In her creative hands, school wasn't inflicted on us.  It was created with us.

And to think so much glorious education could come from a shoe box.   

Friday, April 5, 2013

Still Sorting and Folding

I know SCBWI members haven't wondered what happened to me after my first essay appeared twenty years ago in their bulletin (Read my previous post.).  For those who are thinking about giving up on writing, it might be worth knowing, however, that I finally got published.  So, yes, it's possible.

Money and awards don't roll in.  Editors and agents don't call. Hollywood hasn't offered a movie deal.

Well, what was the point, then, you might ask.  I wondered that myself for a while.

Shortly after I wrote that 1992 essay, I found a new editor in the bulletin's "Publisher's Corner" and began sending her picture book manuscripts.  She asked to see more, finally found one she loved, and called.  I was thrilled, but after many, many, many months, it was clear the project would never happen for complicated reasons.  She wrote me a beautiful letter, urging me not to stop writing despite the disappointment.

But I stopped.  I was heartbroken. I couldn't see the point anymore.  Also, my life had dramatically and gloriously changed because we'd adopted a baby girl from China.  It was easy to shift my focus to her.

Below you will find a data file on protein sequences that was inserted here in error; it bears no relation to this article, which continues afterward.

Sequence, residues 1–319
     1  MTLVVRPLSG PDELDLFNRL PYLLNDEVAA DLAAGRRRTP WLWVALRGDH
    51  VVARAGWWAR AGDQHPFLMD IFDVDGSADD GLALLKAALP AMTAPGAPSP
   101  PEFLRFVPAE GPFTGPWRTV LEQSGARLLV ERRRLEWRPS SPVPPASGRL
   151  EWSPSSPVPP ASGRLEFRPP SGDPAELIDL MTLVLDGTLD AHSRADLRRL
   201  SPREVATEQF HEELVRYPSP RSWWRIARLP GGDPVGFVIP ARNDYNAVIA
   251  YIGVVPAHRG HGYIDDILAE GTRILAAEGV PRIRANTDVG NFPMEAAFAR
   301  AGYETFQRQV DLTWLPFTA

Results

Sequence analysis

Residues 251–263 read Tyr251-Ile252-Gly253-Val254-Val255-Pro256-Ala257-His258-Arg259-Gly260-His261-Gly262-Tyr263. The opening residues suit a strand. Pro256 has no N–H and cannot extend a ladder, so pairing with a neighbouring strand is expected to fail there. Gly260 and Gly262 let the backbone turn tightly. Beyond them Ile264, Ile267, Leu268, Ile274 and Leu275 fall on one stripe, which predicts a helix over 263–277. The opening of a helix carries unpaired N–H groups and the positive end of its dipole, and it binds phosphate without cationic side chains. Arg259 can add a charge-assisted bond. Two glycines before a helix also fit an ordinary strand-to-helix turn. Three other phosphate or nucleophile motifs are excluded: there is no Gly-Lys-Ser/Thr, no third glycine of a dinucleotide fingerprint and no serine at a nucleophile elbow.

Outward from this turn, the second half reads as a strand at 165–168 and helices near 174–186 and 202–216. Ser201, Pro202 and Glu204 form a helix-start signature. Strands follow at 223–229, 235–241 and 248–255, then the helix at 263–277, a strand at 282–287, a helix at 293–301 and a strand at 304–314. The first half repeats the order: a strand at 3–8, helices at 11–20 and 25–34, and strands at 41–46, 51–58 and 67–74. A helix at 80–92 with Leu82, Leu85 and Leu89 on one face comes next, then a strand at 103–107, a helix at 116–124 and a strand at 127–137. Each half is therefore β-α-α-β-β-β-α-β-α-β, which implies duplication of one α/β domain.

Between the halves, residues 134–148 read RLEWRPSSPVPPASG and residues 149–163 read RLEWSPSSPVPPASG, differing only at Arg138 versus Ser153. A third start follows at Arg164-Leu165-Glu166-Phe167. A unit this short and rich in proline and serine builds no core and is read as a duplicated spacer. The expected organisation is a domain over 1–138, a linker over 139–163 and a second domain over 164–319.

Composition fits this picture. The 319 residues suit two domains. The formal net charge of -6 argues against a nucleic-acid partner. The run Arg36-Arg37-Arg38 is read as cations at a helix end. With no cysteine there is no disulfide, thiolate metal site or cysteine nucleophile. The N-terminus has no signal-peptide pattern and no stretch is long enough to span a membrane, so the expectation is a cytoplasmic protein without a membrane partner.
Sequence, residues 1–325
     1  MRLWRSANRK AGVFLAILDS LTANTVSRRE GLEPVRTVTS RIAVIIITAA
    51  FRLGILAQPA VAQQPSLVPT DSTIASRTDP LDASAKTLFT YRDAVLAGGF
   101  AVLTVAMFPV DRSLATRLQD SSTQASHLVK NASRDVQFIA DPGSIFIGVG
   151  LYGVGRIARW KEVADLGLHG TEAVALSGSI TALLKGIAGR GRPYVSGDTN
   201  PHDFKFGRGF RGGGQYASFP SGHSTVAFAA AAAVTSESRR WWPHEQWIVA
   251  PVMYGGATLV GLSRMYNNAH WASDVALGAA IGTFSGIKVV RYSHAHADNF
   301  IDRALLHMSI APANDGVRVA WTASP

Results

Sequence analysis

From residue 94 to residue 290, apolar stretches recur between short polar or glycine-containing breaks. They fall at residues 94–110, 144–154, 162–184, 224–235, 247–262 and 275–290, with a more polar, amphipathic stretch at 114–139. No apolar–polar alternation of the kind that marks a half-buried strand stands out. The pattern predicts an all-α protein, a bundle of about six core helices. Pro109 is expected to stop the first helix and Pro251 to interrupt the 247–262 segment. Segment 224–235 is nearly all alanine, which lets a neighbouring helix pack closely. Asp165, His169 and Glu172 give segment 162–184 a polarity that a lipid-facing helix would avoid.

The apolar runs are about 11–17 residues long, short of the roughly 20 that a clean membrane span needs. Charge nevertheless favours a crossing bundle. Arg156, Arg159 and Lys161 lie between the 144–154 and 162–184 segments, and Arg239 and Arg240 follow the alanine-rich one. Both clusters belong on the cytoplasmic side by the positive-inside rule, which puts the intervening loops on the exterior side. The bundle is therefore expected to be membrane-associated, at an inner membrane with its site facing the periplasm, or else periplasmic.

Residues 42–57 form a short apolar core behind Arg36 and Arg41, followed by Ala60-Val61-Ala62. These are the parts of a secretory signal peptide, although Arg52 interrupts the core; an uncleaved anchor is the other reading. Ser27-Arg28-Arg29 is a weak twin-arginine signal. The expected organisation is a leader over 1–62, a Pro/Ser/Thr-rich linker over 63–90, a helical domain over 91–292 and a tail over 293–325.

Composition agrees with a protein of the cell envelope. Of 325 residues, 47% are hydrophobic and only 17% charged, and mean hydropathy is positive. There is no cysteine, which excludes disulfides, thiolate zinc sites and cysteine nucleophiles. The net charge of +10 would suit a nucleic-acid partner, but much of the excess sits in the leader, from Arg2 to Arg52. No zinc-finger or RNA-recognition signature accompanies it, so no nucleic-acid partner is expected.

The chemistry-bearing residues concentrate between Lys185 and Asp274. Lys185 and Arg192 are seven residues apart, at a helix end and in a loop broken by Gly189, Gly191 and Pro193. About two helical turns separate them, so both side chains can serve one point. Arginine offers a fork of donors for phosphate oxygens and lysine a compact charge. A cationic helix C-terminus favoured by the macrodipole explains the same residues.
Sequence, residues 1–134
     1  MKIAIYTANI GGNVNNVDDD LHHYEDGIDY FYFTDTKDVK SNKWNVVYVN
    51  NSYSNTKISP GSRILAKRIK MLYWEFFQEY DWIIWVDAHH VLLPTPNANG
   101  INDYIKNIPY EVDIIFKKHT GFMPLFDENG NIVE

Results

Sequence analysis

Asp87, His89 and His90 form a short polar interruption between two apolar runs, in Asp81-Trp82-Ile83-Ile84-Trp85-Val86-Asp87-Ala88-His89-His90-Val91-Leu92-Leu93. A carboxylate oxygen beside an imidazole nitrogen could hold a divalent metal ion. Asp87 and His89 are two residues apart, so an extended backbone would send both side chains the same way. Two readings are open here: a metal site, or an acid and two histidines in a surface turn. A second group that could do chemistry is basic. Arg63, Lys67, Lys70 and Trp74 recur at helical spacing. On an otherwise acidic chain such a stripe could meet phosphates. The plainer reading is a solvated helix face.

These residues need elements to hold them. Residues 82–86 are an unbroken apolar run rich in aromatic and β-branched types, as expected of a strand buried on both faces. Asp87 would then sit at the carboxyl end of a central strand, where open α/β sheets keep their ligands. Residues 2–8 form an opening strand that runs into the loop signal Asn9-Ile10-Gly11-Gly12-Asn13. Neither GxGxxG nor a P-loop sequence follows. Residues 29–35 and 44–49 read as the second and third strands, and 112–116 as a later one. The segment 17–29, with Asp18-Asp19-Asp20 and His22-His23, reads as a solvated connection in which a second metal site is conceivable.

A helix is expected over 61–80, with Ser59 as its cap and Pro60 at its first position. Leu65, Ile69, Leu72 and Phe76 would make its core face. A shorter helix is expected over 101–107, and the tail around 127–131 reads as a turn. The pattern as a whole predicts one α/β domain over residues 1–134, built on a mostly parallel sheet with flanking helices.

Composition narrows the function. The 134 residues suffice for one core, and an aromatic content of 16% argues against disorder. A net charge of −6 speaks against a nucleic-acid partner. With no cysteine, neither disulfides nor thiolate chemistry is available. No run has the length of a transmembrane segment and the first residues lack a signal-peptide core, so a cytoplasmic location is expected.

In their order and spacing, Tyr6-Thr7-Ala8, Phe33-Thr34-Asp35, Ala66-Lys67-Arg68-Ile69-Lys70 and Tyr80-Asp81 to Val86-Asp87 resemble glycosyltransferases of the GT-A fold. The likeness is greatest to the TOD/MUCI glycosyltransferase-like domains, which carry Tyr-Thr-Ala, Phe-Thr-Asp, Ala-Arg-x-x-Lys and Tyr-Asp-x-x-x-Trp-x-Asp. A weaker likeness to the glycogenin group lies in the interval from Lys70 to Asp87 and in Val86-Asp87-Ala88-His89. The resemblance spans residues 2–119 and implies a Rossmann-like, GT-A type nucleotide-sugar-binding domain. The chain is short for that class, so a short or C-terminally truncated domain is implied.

Then when she was in kindergarten, she asked, "Mama, did you ever want to be anything?"

She caught me.  I thought I'd been successfully hiding behind play dates and bake sales, but she'd been wondering about me.  I explained I'd wanted to be a writer once and actually read her that almost-published story.  "It's good," she said.  "Write another one."  She believed so completely in me that I started again.  I had, in fact, been wondering about her, too, and the mystery that brought us together.  I began writing a fanciful journey for her.  My picture book, Sweet Moon Baby: An Adoption Tale, was published by Alfred A. Knopf in 2010.

When I sat in the Random House lobby after meeting my editor, I understood success had nothing to do with my fame or fortune or mahogany paneling or a crisp white blouse--the details I'd envisioned in 1992.  My success was about showing my daughter how a person collects the pieces of a broken dream and tries again.  That was the point.

At a bookstore signing, a little girl said I was the only famous person she'd met.  She told me she wanted to be an author and asked me what writing was like.  I told her it was like doing laundry, only you sort and fold words daily.  She smiled and agreed.  She said she wrote stories about her friends all the time.  That was the point.

When I read my book at a school assembly, an adopted Chinese girl announced, "I'm the real sweet moon baby."  She had found a metaphor to hold in her heart.  That was the point.

A mother bought my book to support local authors but was puzzled when her young son, who was not adopted or Chinese, repeatedly wanted her to read it at bedtime.  She asked him why and he explained, "I like how all the animals help the baby get home.  I would help her, too."  That was the point.

Now I understand why books for children matter.  I understand why I write them and that the point is far greater than my own success.

I just keep doing it.

It's that easy.

It's that hard.

Whether I ever get a second book published or not.

I mean until I get a second book published.